One of the consequences of in vitro fertilization and the ability to detect genetic mutations early in development is a new area of medicine called preimplantation genetics. Preimplantation genetics seeks to test for genetic disease before the embryo enters the uterus. After that, many genetic diseases can still be diagnosed before a baby is born. This prenatal diagnosis can be done by chorionic villus sampling at 8–10 weeks of gestation, or by amniocentesis around the fourth or fifth month of pregnancy.
Chorionic villus sampling involves taking a sample of the placenta, whereas amniocentesis involves taking a sample of the amnionic fluid. In both cases, fetal cells from the sample are grown and then analyzed for the presence or absence of certain chromosomes, genes, or enzymes.
However useful these procedures have been in detecting genetic disease, they have brought with them a serious ethical concern: if a fetus is found to have a genetic disease, the only means of prevention presently available is to abort the pregnancy. The need to make such a choice can be overwhelming to prospective parents.* Indeed, the waiting time between knowledge of being pregnant and the results from amniocentesis or chorionic villus sampling has created a new phenomenon, the “tentative pregnancy.” Many couples do not announce their pregnancy during this stressful period for fear that it might have to be terminated (Rothman et al. 1995).
By using IVF, one can consider implanting only those embryos that are most likely to be healthy as opposed to aborting those fetuses that are most likely to produce malformed or nonviable children. This can be achieved by screening embryonic cells before the embryo is implanted in the womb. While the embryos are still in the petri dish (at the 6- to 8-cell stage), a small hole is made in the zona pellucida and two blastomeres are removed from the embryo (Figure 1). Since the mammalian egg undergoes regulative development (see Chapter 12), the removal of these blastomeres does not endanger the embryo, and the isolated blastomeres are tested immediately. The polymerase chain reaction technique can be used to determine the presence or absence of certain genes to be determined, and fluorescent in situ hybridization (FISH) can be used to determine whether the normal numbers and types of chromosomes are present (Kanavakis and Traeger-Synodinos 2002; Miny et al. 2002). Results are often available within 2 days. Presumptive wild-type embryos can be implanted into the uterus, while any presumptive embryos with deleterious mutations are discarded.
The same procedures that allow preimplantation genetics also enable the physician to know the sex of the embryo. Sometimes parents wish to have this information; sometimes they do not. However, knowing the sex of an embryo prior to its implantation raises the possibility that parents could decide to have only embryos of the desired sex implanted. Sex selection using preimplantation genetics is seen by many as a beneficial way of preventing X-linked diseases, but in fact it is often used as a method of simply choosing one’s offspring’s sex. Opponents of sex selection point to its possible use as a method of preventing the birth of girls in cultures where women are not as highly valued as men (see Gilbert et al. 2005; Zhu et al 2009). This has created enormous discrepancies in the sex ratio of several regions. Different countries and even different hospitals have different policies permitting preimplantation genetic diagnosis solely for the purpose of sex determination.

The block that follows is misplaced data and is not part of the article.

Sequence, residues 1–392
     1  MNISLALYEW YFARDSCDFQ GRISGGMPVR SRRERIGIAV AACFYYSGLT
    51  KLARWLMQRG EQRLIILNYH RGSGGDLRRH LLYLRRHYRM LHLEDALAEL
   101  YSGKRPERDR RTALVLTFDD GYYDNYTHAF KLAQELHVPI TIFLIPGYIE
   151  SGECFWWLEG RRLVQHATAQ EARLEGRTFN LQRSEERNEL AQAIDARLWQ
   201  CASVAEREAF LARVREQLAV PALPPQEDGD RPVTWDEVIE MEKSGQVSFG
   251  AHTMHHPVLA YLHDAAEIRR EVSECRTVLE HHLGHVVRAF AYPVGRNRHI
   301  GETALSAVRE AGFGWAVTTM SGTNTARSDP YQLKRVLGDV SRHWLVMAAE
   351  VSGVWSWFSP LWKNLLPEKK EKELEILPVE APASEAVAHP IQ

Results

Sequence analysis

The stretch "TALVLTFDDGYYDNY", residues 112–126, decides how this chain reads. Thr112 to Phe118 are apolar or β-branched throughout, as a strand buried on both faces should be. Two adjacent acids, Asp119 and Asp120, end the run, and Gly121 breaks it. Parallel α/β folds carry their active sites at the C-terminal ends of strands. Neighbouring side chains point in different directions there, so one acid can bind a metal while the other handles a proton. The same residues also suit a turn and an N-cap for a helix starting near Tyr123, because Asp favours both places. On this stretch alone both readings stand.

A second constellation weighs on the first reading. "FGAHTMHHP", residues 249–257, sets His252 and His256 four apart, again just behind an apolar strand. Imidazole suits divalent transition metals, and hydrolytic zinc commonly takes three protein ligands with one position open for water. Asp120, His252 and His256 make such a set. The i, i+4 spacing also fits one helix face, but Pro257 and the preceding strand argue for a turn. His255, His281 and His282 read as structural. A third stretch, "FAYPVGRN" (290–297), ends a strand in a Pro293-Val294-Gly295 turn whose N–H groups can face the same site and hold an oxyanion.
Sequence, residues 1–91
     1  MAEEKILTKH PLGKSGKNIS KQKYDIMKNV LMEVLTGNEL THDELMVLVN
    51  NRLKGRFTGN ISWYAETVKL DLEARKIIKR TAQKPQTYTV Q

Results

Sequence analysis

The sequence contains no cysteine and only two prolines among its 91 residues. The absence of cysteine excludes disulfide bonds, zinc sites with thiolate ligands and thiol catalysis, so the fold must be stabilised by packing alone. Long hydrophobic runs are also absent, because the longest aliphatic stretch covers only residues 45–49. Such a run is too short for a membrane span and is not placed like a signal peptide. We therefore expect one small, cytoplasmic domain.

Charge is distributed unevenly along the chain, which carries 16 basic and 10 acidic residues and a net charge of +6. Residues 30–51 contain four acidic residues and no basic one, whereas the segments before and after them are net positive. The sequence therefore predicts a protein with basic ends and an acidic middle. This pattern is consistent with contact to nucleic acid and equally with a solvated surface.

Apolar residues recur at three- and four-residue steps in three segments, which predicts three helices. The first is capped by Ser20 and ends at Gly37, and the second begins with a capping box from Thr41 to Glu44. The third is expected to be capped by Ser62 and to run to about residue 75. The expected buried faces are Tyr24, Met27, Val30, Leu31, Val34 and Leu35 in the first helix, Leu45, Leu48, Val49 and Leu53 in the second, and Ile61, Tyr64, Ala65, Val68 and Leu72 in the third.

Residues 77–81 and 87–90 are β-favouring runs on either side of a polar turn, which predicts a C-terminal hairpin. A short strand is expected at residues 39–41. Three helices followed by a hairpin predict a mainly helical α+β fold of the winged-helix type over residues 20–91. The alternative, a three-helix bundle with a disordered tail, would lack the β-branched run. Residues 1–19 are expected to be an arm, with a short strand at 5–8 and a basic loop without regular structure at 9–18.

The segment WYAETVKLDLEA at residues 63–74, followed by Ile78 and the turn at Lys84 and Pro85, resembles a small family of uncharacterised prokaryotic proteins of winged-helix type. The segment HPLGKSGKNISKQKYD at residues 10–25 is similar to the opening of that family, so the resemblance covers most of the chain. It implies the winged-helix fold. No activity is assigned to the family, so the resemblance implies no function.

In addition to being able to select the sex of one’s child, new techniques in molecular biology have promoted a new, variation of PGD, sometimes called Preimplantation Genetic Haplotyping. Here, genes can be screened and some of the normal (not only disease) physical traits of the adult can be predicted. For example, we now know several genes for hair color, and a family might be able to choose to have a son with blond or red hair (see Gilbert et al 2005; Roberts 2006). By using CRISPR technology (see pp 88-89), it may soon be able to alter the genes of preimplantation embryos (or germ cells) to give parents a designed baby. This has generated an important ethical debate among scientists and policy makers (see Baltimore et al 2015; Cyranosky 2015; Lanphier et al 2015; Sugarman 2015)
Baltimore D, Berg P, Botchan M, Carroll D, Charo RA, Church G, Corn JE, Daley GQ, Doudna JA, Fenner M, Greely HT, Jinek M, Martin GS, Penhoet E, Puck J, Sternberg SH, Weissman JS, Yamamoto KR. 2015. . A prudent path forward for genomic engineering and germline gene modification. Science. 348: 36-8.
Cyranosky, D. 2015. Ethics of embryo editing divides scientists. Nature 519: 272.
Gilbert, S. F., A. L. Tyler, and E. J. Zackin. 2005. Bioethics and the New Embryology: Springboards for Debate. Sinauer Associates, Sunderland, MA.
Kanavakis, E. and J. Traeger-Synodinos. 2002. Preimplantation genetic diagnosis in clinical practice. J. Med. Genet. 39: 6–11.
Lanphier E, Urnov F, Haecker SE, Werner M, Smolenski J. 2015. Don’t edit the human germ line. Nature. 519: 410-411.
Miny, P., S. Tercanli and W. Holzgreve. 2002. Developments in laboratory techniques for prenatal diagnosis. Curr. Opin. Obstet. Gynecol. 14: 161–168.
Roberts, J.C. Costumizing Conception: a Survey of Preimplantation genetic Diagnosis and the resulting Social, Ethical, and Legal Dilemmas. Ox. J. Leg. Stud. 2006 Spring;26(1)153-78.
Rothman, K. J., L. L. Moore, M. R. Singer, U.-S. D. T. Nguyen, S. Mannino, and A. Milunsky. 1995. Teratogenicity of high vitamin A intake. N. Engl. J. Med. 333: 1369–1373.
Sugarman, J. 2015. Ethics and germline gene editing. EMBO Reports 16: 879 – 880.
Zhu, W. X., L. Lu, and T. Hesketh. 2009. China's excess males, sex-selective abortion, and one-child policy: Analysis of data from 2005 national intercensus survey. Brit. Med. J. 338: b1211.